Co-Conspirator A and another Wilberforce student, Co-Conspirator B, then allegedly sold the guns to Quadree Smith, who then resold them to Double II Bloods members.

Co-conspirator A is identified in federal criminal charges filed in Ohio as Jarrien Aguilar, a former Wilberforce student. Aguilar has pled guilty to charges of conspiracy and false statements in buying a firearm. Co-conspirator B, former Wilberforce student Seon Paton, has also pled guilty in the Southern District of Ohio to conspiracy charges.

Two other co-conspirators have pled guilty to charges of conspiracy and false statements, respectively, in the Southern District of Ohio. In addition, criminal complaints out of the Southern District of Ohio charge eight straw buyers, including the three identified in connection with the New Jersey conspiracy, with knowingly making false statements to a federal firearms licensee. In all, the criminal charges in Ohio allege that approximately 200 guns were purchased illegally, most of which were moved out of Ohio.

The conspiracy charge carries a maximum penalty of five years in federal prison and a $250,000 fine. Quadree Smith is also charged with being a felon in possession of a firearm, which carries a maximum prison sentence of 10 years.

“Today’s charges underscore our intention to prosecute all of those who are involved in the illegal trafficking of firearms,” said U.S. Attorney Greg Lockhart of the Southern District of Ohio. “People may think they’re just making easy money by buying a gun for someone else, but they are actually committing a federal crime and will be dealt with accordingly.”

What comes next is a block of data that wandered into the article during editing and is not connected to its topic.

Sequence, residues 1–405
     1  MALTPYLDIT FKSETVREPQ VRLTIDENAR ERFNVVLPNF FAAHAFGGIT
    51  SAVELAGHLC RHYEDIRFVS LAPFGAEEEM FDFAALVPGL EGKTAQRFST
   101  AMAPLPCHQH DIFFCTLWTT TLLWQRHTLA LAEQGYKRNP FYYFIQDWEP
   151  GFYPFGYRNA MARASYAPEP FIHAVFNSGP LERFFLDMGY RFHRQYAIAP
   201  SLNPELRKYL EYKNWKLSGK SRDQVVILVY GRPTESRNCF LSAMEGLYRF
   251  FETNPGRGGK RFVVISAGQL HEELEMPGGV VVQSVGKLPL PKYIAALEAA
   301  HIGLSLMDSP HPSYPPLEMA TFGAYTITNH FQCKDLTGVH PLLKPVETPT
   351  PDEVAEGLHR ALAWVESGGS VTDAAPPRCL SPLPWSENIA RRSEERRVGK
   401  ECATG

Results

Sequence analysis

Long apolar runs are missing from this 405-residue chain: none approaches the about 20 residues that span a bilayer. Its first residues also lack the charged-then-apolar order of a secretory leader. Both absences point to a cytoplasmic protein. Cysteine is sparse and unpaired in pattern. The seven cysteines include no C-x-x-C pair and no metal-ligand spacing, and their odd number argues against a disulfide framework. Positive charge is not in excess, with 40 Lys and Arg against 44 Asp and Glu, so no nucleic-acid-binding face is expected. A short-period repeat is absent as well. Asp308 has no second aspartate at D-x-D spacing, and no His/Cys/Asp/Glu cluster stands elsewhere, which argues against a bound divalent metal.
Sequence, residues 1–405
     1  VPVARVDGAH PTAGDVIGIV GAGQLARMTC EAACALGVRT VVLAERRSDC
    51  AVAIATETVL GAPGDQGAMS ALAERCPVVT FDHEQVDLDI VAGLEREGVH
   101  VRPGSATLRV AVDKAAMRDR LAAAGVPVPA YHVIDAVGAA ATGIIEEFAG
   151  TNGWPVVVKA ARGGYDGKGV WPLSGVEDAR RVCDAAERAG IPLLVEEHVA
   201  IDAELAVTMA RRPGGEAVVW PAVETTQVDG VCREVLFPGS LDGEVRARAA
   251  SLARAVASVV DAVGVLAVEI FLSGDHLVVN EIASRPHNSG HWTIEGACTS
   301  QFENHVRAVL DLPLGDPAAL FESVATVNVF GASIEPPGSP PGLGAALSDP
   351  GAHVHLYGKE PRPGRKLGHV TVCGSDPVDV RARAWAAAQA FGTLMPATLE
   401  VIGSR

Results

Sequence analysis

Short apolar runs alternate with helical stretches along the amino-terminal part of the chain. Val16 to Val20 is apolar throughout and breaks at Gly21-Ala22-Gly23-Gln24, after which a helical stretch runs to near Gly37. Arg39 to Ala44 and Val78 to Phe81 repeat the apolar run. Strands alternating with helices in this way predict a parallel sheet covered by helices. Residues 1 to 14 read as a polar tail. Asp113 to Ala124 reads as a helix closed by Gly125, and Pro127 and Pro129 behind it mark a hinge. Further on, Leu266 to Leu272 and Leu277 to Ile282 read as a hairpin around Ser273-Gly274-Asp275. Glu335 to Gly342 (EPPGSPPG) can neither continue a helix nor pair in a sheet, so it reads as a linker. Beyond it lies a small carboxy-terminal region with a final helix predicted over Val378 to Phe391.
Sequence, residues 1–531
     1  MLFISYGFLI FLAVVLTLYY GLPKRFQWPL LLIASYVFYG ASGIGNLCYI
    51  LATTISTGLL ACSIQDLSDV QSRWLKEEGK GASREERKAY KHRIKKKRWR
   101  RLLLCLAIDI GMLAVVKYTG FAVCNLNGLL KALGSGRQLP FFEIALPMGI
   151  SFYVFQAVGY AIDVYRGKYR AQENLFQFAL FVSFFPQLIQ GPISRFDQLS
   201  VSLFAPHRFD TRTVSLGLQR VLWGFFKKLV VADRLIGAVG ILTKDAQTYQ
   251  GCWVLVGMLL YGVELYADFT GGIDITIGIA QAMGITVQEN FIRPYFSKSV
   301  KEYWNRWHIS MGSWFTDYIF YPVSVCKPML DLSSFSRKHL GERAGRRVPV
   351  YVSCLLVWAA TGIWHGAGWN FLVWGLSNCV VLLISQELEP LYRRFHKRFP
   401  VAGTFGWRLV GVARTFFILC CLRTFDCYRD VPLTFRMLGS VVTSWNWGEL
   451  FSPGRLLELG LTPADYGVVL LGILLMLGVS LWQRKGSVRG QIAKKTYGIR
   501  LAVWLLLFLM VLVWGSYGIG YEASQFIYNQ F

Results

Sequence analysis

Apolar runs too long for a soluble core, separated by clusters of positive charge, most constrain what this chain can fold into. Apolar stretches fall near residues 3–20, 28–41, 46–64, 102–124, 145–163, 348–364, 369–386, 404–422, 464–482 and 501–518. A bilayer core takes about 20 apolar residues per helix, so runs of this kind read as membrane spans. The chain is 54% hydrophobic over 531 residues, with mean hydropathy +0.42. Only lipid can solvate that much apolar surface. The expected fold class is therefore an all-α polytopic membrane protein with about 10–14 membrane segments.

“We intend to sit this Ohio gun dealer in front of a jury at the same defense table as the leader of one of New Jersey’s most violent gangs,” said U.S. Attorney Christopher J. Christie of the District of New Jersey. “Our message to gun dealers in other states is simple: Straighten up your act, follow the law, or we will prosecute you.”

In the past two months, a number of straw buyer and interstate firearms trafficking investigations and prosecutions have highlighted the successful, cooperative efforts to stem gun crime:

In a case out of South Carolina, ten defendants have pled guilty over the past two months to charges relating to trafficking almost fifty firearms from South Carolina to New York.

On Monday, December 8, the lead defendant and three co-defendants in a North Carolina-based weapons trafficking scheme pled guilty to charges relating to the trafficking of nearly seventy handguns, including several to the Washington, D.C., area.

In U.S. v. Smith, the defendant was found guilty on Wednesday, December 10, of charges related to illegal firearms trafficking from North Carolina to New York. He will be sentenced in March.

In yet another case out of South Carolina, over the past four months, all twelve defendants have pled guilty to charges for their roles in a straw purchasing weapons scheme in which almost forty firearms were transported to New York illegally.

In U.S. v. Quaites, the defendant pled guilty yesterday to conspiracy to make false statements in connection with the acquisition of a firearm and to charges relating to trafficking about forty firearms from Arkansas to Chicago.

Project Safe Neighborhoods, a national commitment to reduce gun crime on the local level, links federal, state, and local law enforcement, prosecutors, and community leaders in a comprehensive strategy of deterrence, prevention, and prosecution of gun crime. Through those cooperative efforts, federal prosecutions of gun crimes have reached record levels.